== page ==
Department of Agricultural Leadership, Education, and Communication


Date of this Version

Spring 5-4-2012


Warneke, K. L. (2012). 'You just know': A phenomenological study examining how to recognize when you are called. Doctoral dissertation, University of Nebraska-Lincoln.


A DISSERTATION Presented to the Faculty of The Graduate College at the University of Nebraska In Partial Fulfillment of Requirements For the Degree of Doctor of Philosophy, Major: Human Sciences (Leadership Studies), Under the Supervision of Professors James King and Gina Matkin. Lincoln, Nebraska: May, 2012

Copyright (c) 2012 Kevin L. Warneke


This phenomenological study describes the experiences of 12 residents of a Midwestern community who were identified by their peers as possibly possessing a calling. The central research question was: What are the experiences that lead to feelings of strong commitment in their lives? Calling was defined as a summons, which originates outside of one’s self, to serve a cause that betters humanity. Participants described the strong commitments they felt in their lives and explained their origins. Five themes emerged from the semi-structure interviews: (a) “You have to be asked and respond to being asked” – the role of a mentor in one’s calling, (b) the call to service: “It just happened.”, (c) calls can come at unexpected times, (d) answering a call can be rewarding – but those rewards aren’t always obvious, and (e) secular callings can come from a religious calling. The essence of recognizing one’s calling was the realization that a calling can come at a moment’s notice – even if it isn’t immediately recognized – and the source of this call can be a summons to serve – society, and one’s God, family, community and profession.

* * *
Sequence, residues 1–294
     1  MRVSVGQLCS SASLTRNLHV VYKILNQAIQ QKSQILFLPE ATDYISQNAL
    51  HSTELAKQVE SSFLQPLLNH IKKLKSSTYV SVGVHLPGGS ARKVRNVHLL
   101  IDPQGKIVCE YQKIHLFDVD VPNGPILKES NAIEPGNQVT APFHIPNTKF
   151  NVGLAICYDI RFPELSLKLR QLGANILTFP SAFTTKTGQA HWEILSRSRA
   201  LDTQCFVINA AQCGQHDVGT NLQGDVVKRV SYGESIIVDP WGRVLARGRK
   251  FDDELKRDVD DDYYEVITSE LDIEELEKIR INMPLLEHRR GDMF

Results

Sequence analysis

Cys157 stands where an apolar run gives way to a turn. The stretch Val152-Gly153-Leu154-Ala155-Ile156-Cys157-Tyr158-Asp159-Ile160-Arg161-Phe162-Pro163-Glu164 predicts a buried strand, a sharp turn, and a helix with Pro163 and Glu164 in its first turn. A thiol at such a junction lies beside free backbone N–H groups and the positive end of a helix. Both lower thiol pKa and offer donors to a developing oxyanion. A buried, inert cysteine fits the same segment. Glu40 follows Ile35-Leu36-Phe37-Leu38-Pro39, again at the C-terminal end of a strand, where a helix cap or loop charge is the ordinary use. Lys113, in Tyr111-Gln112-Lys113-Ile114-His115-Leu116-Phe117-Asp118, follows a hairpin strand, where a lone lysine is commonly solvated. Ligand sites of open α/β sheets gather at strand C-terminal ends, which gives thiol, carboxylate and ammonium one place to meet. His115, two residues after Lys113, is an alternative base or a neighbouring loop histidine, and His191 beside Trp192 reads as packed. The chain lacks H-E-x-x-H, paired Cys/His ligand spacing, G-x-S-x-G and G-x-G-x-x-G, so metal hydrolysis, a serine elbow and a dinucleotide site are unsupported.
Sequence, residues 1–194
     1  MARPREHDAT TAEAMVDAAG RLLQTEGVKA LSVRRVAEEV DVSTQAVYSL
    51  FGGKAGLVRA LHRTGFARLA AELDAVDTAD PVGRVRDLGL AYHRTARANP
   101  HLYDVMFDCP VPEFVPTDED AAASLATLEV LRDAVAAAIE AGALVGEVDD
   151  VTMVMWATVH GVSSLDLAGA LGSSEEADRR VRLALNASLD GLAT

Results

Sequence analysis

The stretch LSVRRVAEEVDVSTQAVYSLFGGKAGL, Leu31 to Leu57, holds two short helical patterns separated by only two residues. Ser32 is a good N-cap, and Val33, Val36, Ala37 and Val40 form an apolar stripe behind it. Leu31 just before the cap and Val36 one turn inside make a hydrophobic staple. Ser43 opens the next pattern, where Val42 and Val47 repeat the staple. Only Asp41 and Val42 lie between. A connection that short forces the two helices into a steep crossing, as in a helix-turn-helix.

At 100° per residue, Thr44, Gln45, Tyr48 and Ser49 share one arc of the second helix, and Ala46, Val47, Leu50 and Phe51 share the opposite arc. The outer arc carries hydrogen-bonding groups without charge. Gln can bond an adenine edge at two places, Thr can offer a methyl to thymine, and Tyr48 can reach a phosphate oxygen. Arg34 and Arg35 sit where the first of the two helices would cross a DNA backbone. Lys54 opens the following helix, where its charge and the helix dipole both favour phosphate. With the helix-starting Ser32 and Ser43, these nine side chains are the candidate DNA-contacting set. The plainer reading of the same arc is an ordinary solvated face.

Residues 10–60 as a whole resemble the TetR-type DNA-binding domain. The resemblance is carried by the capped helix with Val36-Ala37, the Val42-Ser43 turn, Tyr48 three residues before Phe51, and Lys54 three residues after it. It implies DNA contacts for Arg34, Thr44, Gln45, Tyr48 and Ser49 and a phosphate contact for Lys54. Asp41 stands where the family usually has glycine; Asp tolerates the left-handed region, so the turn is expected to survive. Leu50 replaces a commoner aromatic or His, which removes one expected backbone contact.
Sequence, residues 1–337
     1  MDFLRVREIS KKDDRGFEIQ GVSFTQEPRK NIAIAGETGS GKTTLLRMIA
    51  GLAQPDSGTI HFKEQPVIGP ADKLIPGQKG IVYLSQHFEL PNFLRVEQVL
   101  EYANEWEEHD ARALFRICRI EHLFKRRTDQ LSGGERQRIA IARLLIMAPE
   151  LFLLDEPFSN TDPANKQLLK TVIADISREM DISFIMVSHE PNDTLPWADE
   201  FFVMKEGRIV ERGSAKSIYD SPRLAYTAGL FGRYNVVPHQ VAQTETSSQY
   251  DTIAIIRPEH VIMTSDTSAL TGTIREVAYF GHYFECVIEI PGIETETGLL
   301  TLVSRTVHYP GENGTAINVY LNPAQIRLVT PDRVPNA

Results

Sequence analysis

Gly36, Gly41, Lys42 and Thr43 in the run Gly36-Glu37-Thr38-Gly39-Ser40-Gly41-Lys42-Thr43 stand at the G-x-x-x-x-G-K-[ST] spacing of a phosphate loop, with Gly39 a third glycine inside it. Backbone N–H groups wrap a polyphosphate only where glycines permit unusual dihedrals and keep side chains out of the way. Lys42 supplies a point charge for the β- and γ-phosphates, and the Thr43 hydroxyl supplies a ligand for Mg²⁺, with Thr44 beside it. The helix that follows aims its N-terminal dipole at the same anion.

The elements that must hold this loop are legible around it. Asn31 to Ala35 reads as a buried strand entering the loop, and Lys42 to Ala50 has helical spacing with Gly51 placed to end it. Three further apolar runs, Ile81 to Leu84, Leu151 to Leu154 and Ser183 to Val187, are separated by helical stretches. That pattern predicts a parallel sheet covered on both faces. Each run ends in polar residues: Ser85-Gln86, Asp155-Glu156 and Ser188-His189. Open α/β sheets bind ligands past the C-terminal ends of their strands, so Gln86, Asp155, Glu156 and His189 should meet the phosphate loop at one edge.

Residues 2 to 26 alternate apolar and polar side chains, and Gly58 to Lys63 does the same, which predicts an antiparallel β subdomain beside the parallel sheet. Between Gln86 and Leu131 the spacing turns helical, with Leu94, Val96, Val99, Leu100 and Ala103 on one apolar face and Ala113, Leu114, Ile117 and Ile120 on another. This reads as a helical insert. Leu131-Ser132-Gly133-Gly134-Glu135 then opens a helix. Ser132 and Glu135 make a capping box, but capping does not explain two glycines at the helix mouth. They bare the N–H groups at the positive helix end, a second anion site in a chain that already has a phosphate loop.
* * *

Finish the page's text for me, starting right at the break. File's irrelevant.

Advisors: James King and Gina Matkin